Every so often, I get an urge to do something crafty. “Crafty” here means having to do with crafts, not cunning plans (though it may amount to the same thing). Today was one of those days, so I stopped by ye olde
curiosity shoppe Dollar Tree and picked up some frames, because I’m cheap that way.
Remember this quote from Heretics? I couldn’t find a great graphic of it online, so I decided to make one. Here’s the printout (click for full size):
(The flourish is from Pixabay – I know they don’t require attribution, but I always feel like I should…habit!)
I picked up this little blue frame because it goes with my color scheme, but I wasn’t sure what picture to put in it. I finally settled on the plans for the Nautilus (Disney version), along with Nemo’s motto, Mobilis in Mobili (“moving amidst mobility”). Completely nerdy, but I love it. 🙂
Last bit of craftiness: I love triptychs, so thought I’d try creating one. I found this whale picture uploaded by the Biodiversity Heritage Library, cleaned it up a little, and split it in three. It was more difficult than I expected, but I think it turned out ok! This one and the Chesterton quote I’ll probably be putting up on the wall at work.
Well, that’s it for now, but I have more ideas (and wall space), so there may be a part 2 to come. 😉
Occasionally you stumble across some historical story so weird it could only have happened in in real life. Exhibit A: the mysterious lover of Nikolay Gumilyov.
Who was Nikolay Gumilyov? Born in 1886, he grew up well educated and began writing poetry at a young age, becoming first published, in fact, at around age 16. Gumilyov spent much of his life as a man of letters and established poet, but he also served in the Russian cavalry in WWI. He was executed in 1921 on suspicions of being part of a monarchist conspiracy.
When he was still a young man and writing for a journal called Apollon, he fell in love with the author of some poems which had been submitted for publication. Here I quote Wikipedia:
In August 1909, the famous Russian artistic periodical Apollon received a letter with verses on a perfumed paper with black mourning edges, signed only by a single Russian letter Ch. The verses were filled with half-revelations about its author—supposedly a beautiful maiden with dark secrets . . . Over the next few months, publications of the newfound poetic star were the major hit of the magazine, and many believed that they had found a major new talent in Russian poetry. The identity of the author was slowly revealed: her name was Baroness Cherubina de Gabriak, a Russian-speaking girl of French and Polish ancestry who lived in a very strict Roman Catholic aristocratic family, who severely limited the girl’s contacts with the outside world because of an unspoken secret in her past. Almost all of Apollon’s male writers fell in love with her, most of all the great poet Nikolai Gumilyov. He wrote a series of passionate love letters to her and received quite passionate answers.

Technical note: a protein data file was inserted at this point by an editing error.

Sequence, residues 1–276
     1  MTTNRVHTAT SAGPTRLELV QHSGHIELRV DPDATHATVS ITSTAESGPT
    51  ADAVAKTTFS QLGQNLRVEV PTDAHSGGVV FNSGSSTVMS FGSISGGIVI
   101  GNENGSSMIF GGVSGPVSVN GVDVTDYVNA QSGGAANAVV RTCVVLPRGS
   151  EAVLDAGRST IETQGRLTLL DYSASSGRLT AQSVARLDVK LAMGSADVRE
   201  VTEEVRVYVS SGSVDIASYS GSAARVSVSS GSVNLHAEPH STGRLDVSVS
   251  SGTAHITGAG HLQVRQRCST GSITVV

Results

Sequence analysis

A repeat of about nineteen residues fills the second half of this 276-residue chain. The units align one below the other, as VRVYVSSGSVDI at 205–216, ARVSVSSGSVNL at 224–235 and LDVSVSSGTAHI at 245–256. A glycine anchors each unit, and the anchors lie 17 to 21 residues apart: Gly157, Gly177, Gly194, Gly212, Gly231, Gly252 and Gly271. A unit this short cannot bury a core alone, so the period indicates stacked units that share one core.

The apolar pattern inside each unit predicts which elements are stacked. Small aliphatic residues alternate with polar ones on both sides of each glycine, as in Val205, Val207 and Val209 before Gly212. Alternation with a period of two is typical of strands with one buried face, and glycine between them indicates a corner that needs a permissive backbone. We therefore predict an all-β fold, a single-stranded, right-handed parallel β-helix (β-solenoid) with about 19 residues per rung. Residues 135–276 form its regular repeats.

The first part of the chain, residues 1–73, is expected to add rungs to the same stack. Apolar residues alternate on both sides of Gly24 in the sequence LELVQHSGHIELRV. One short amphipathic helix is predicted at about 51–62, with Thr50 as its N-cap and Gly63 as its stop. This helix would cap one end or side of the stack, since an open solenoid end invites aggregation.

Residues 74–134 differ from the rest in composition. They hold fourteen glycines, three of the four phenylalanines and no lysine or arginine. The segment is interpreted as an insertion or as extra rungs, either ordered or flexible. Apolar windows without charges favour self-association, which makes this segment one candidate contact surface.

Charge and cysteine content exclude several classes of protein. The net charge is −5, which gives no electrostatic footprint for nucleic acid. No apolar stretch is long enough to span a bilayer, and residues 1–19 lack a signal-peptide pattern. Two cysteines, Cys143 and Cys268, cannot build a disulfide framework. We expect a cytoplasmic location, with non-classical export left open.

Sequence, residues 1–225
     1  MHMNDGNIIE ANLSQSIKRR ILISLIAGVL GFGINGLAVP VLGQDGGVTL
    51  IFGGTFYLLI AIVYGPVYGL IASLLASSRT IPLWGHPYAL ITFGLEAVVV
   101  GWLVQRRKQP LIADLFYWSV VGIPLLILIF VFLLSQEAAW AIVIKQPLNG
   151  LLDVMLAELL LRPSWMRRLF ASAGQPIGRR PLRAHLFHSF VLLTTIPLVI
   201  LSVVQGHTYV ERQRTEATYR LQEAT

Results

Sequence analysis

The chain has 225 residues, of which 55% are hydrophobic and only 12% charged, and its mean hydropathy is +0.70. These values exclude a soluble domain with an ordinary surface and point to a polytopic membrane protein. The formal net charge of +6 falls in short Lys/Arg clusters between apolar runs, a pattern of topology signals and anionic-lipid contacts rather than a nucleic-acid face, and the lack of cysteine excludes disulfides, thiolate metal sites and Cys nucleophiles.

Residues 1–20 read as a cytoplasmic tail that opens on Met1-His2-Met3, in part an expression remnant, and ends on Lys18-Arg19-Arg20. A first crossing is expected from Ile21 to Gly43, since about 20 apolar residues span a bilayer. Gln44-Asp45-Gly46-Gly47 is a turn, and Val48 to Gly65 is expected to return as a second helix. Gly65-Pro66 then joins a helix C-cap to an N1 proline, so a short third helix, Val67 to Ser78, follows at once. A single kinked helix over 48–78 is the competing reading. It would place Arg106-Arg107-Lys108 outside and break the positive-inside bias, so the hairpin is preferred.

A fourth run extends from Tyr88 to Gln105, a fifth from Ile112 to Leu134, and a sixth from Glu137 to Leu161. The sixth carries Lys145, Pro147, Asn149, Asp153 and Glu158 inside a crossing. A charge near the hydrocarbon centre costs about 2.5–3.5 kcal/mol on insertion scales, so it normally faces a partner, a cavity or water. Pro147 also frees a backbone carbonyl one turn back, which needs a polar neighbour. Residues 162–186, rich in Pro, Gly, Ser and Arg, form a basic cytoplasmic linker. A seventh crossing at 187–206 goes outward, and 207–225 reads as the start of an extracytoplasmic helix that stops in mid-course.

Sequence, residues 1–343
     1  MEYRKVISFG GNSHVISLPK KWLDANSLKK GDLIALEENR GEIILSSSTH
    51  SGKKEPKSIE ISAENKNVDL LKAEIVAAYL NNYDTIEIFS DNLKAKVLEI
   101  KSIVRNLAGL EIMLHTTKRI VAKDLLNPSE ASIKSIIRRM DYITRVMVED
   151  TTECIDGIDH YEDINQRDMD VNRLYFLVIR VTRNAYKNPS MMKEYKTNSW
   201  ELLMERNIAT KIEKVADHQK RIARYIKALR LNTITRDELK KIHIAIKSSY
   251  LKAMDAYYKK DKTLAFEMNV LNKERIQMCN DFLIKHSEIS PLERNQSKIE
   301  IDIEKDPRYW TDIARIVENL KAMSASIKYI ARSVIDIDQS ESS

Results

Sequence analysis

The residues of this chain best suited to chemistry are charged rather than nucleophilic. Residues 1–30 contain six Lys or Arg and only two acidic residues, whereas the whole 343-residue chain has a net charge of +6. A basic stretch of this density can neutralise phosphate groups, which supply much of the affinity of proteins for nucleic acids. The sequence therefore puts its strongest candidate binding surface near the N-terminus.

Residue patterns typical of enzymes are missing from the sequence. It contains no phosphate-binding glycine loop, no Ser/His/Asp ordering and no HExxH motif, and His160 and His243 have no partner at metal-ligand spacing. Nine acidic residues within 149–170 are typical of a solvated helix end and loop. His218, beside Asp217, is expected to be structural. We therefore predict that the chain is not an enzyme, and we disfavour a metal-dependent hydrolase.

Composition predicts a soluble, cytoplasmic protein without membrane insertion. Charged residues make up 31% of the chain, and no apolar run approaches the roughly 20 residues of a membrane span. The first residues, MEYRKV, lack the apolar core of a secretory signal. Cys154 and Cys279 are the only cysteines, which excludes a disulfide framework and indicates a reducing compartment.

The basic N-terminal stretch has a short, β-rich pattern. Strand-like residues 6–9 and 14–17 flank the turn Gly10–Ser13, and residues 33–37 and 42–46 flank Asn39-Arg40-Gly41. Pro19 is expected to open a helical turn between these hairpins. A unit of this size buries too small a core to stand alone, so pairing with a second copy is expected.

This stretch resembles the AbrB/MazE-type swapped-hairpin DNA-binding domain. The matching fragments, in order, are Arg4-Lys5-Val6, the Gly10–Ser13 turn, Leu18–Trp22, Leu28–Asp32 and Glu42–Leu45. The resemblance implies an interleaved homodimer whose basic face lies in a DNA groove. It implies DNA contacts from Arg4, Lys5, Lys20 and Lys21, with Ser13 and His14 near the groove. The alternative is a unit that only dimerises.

The mystery of the newfound genius was short-lived. In November it was discovered that the verses were written by a disabled schoolteacher, Elisaveta Ivanovna Dmitrieva, with the participation of a major Apollon contributor and editor, the poet Maximilian Voloshin.
Apparently, Voloshin and Dmitrieva came up with this scheme as a sort of publicity stunt in order to get her published. Gumilyov, as you can imagine, was not amused. The fallout between him and Voloshin eventually led to a duel, which (fortunately) did nothing to help sore feelings but at least resulted in no casualties, as Gumilyov missed and Voloshin couldn’t handle a gun.
|Elisaveta Ivanovna Dmitrieva, AKA
Cherubina de Gabriak
You can read more about the love triangle here. It’s quite a soap opera and makes the Charlotte Bronte’s “Currer Bell” seem mild by comparison!